East Texan in Electoral College says switching of votes not likely

East Texan in Electoral College says switching of votes not likely
( Source: KLTV News Staff)
( Source: KLTV News Staff)

LONGVIEW, TX (KLTV) - Next month, state electors will make the results of last week's presidential election official.

President-Elect Donald trump won the Electoral College, but not the popular vote. Because of that, there have been calls on social media and the internet for electors to change their mind, become faithless electors, and vote against the candidate they pledged to vote for.  An East Texas elector tells us that switch, is just not that easy.

The State of Texas has 38 electors, including Marty Rhymes, Vice Chair of the Republican Party of Gregg County.

"I think that's terrible," says Rhymes when asked about people wanting electors to switch their vote.

"I know there was a good reason and there still is a good reason that we have electors," says Rhymes.

This is Rhymes' first time as an elector.

"I appreciate everyone feeling like that they can, that I would be good representative for them," says Rhymes.

She was voted in this year at the Texas Republican State Convention, after being nominated by delegates from Texas's 1st Congressional District.

"And I read a little bit about why the electoral college is better than popular votes, because it doesn't get influenced by popular groups," says Rhymes.

She says she won't be influenced by public calls for electors to switch their vote and elect Hillary Clinton.

"I certainly wouldn't vote for Hillary Clinton, and I wouldn't vote for anyone else," says Rhymes.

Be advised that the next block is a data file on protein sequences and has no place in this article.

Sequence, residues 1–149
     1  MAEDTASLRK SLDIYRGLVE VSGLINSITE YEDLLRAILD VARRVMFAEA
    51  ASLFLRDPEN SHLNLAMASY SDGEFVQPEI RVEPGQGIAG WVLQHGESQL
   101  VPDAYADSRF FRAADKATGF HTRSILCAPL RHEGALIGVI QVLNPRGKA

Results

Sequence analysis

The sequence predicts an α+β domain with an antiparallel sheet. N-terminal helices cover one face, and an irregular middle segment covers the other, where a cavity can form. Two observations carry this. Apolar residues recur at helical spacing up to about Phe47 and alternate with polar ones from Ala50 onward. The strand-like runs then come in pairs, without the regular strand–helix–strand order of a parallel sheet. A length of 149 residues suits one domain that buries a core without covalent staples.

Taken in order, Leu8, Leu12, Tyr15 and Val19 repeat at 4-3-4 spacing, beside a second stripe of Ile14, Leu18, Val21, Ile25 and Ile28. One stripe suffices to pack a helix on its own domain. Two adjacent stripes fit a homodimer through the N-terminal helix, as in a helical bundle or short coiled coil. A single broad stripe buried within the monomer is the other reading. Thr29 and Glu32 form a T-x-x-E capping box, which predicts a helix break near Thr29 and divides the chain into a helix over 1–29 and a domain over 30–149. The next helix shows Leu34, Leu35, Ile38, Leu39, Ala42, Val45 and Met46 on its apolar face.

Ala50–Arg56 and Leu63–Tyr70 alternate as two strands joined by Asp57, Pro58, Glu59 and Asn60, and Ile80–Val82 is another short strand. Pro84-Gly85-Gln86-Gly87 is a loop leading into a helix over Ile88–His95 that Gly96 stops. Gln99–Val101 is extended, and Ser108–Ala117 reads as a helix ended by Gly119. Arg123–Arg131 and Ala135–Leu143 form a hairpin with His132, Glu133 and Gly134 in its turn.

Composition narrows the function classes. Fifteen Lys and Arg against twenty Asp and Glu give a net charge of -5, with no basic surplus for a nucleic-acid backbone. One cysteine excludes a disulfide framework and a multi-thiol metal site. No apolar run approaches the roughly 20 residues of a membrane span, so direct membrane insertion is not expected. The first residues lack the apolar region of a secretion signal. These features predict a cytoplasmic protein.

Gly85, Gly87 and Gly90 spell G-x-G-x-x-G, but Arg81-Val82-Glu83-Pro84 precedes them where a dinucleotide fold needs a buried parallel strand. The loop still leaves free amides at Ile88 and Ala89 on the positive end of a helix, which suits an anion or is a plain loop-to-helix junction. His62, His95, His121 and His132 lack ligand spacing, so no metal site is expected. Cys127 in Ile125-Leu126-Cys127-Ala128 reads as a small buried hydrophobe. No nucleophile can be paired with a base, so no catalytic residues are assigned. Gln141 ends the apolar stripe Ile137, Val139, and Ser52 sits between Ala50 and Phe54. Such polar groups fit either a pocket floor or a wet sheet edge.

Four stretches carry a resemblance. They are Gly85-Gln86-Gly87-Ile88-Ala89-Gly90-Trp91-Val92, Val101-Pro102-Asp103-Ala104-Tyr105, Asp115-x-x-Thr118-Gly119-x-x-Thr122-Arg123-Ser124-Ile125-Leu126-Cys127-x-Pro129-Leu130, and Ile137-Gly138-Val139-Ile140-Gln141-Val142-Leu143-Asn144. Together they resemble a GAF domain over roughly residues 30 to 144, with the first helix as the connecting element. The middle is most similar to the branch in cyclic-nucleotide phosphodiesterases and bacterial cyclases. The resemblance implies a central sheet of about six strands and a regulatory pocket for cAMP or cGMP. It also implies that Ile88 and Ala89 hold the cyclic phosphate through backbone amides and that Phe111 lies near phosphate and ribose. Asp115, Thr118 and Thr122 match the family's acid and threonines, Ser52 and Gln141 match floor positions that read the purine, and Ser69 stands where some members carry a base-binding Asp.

Rhymes is not alone, LeTourneau professor Dr. John Barrett says historically, it just doesn't happen and wouldn't happen in this election.

"Very difficult, to get the electors to change their opinion, especially with Trump's margin where he's got a healthy number in the Electoral College," says Barrett.

According to the National Congress of State Legislators, the last time an elector crossed party lines was 1972.

"It's not uncommon to get one person here or there that votes a little differently for one reason or another kind of as a symbolic measure," says Rhymes.

Texas is one of the 21 states where you can switch without penalty, but ultimately, rhymes doesn't think Texas will make that switch.

"I haven't heard of anybody planning to do that. We pledge to the people that elect us that we will cast our vote according to the results," says Rhymes.

All of the electors in the United States will vote on the President and Vice President at their state capitals December 19th.

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